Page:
The unusual event occurred in a reptile park in Costa Rica. A female laid an egg containing a fetus 99.9% genetically identical to her. This is the crocodile that reproduced unaided. The so-called “virgin birth” phenomenon has occurred before in other species. But never before in crocodiles.
This trait could be inherited from an evolutionary ancestor. Because of this, perhaps dinosaurs might also have been able to self-reproduce. The egg was laid by an 18-year-old female American crocodile in Reptilandia Park.
More and more cases
The fetus inside was fully formed but dead, so it did not hatch. The female arrived at the zoo when she was two years old and was kept apart from other crocodiles throughout her life. The park’s scientific team contacted scientists from the Virginia Polytechnic Institute. They specialize in virgin births, known as parthenogenesis.
The researchers discovered that the fetus was more than 99.9% genetically identical to its mother. This confirms that it had no father. It is not ruled out that this is not so unusual in crocodiles. It could have gone unnoticed, because they have not been looking for instances of them. This is what the authors of the study published in the journal Biology Letters of the Royal Society point out.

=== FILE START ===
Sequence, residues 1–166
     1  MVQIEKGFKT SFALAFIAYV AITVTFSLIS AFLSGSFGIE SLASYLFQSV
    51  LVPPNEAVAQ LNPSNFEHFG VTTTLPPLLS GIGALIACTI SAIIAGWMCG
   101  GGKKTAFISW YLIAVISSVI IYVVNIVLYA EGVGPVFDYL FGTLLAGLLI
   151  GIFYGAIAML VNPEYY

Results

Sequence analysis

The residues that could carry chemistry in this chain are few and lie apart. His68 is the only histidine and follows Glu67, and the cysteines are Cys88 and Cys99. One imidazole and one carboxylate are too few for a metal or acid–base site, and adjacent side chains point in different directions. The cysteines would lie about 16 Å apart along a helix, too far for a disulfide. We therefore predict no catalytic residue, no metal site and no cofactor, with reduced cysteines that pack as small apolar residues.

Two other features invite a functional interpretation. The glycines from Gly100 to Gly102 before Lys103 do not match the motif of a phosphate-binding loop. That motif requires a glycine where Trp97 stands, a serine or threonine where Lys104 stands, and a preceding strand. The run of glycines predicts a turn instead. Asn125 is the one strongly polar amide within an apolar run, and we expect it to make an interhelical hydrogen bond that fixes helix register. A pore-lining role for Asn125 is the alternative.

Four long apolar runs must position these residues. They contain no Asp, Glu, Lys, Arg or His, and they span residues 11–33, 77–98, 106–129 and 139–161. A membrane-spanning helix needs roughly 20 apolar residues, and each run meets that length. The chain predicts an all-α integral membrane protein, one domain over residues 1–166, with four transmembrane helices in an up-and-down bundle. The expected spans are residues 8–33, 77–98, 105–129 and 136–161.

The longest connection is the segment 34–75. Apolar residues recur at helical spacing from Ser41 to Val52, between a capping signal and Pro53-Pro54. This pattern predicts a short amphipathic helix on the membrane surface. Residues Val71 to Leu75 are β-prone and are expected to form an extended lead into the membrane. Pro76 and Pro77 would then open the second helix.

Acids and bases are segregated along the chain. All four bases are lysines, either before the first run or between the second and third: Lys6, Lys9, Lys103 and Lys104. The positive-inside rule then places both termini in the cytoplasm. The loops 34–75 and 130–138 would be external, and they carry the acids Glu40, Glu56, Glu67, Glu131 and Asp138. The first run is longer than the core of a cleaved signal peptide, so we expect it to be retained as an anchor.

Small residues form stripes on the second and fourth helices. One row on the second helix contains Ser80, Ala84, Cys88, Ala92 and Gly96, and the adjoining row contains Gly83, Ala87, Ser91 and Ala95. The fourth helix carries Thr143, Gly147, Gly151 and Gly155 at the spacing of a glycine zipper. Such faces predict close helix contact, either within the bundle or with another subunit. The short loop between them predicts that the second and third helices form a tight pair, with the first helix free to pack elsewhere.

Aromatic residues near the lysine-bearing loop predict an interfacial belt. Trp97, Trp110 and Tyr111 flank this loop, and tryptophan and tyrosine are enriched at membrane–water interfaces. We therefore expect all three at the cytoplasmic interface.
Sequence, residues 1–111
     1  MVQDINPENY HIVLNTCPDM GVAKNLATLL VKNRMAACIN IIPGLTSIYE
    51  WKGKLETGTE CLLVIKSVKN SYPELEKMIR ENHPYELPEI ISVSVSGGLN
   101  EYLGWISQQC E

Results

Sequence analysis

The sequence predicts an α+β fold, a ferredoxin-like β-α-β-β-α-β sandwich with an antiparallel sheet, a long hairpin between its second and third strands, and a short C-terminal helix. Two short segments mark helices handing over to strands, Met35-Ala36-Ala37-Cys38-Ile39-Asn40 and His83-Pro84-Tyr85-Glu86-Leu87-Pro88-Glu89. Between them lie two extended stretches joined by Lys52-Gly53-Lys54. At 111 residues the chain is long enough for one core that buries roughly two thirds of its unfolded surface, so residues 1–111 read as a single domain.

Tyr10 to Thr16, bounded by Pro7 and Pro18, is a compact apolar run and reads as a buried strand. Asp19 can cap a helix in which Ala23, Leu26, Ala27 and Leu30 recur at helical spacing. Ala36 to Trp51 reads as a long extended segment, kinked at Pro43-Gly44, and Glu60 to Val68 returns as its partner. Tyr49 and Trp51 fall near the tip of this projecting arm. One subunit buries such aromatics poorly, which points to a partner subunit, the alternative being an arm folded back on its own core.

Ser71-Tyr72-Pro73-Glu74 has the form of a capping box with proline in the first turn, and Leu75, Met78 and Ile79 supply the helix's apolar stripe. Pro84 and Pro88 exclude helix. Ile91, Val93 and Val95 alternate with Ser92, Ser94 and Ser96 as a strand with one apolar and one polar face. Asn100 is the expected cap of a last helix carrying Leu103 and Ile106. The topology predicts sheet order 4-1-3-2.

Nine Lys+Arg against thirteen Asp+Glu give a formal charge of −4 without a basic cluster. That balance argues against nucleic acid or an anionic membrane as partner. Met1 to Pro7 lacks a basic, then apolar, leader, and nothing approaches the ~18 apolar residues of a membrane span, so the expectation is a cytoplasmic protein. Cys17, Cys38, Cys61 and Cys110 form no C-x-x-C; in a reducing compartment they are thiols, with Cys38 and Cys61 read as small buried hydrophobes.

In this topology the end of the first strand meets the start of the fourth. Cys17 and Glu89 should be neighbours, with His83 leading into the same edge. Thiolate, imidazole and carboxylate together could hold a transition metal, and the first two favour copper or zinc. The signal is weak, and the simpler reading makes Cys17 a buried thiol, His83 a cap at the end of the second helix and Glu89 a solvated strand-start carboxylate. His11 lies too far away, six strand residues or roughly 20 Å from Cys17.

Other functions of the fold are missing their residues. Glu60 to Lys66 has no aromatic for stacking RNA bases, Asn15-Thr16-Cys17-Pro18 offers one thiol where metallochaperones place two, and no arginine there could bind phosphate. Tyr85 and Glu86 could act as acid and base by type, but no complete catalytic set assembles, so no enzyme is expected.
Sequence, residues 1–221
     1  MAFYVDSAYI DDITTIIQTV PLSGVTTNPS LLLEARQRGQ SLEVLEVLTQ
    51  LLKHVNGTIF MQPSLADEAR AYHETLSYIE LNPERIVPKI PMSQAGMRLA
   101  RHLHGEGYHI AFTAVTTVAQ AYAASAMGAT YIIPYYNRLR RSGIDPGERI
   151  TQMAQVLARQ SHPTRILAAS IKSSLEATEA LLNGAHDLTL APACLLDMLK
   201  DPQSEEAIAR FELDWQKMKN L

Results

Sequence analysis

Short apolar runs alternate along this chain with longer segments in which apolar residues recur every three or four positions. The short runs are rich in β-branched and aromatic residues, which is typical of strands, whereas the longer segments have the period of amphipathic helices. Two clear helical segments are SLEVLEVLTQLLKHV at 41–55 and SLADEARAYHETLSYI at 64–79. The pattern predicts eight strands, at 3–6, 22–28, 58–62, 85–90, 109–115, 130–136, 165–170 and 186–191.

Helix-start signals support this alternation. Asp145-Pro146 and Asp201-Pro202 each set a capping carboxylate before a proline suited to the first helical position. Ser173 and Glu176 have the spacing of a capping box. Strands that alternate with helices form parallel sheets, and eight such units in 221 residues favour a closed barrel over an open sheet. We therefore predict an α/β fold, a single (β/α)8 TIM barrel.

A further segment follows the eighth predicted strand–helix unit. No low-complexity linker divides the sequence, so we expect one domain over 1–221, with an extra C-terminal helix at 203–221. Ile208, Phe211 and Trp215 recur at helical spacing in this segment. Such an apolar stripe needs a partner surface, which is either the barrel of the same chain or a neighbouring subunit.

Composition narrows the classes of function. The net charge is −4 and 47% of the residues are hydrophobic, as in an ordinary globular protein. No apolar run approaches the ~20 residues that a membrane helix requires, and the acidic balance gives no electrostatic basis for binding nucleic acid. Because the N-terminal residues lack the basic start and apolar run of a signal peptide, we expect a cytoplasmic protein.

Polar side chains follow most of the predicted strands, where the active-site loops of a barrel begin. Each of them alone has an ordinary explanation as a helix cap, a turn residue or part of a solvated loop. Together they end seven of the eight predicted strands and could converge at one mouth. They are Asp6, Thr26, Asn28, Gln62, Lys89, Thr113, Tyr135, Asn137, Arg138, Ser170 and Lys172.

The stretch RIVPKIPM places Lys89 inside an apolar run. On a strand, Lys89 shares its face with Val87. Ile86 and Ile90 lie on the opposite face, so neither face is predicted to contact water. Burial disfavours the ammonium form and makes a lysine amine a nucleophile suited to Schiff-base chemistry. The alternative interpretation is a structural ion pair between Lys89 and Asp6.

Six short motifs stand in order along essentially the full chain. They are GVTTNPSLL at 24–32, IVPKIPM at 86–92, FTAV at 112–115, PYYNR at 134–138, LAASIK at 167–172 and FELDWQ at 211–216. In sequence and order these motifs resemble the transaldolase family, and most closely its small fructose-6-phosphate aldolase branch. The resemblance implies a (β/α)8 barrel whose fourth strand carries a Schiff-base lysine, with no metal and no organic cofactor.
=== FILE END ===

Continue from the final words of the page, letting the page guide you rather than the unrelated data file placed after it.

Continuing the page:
“It is not uncommon for captive reptiles to lay clutches of eggs. Given the isolation period of the pairs, the eggs would normally be considered nonviable and discarded. We should assess the potential viability of eggs when males are absent,” the researchers add.
“This can occur in the presence of potential mates. Cases may go unnoticed if they occur in females cohabiting with males.” It is unclear why parthenogenesis occurs in different species. Cases of this phenomenon are occurring more frequently in the scientific literature. And it is probably because scientists are now looking for them.
There is a theory as to why virgin births occur in species capable of parthenogenesis. It says that it happens when the number of individuals decreases and the species is on the verge of extinction. The crocodile that reproduced unaided gives us new insights into the possibilities for these reptiles. “And also about the crocodiles’ extinct relatives. Especially the dinosaurs,” the scientists point out.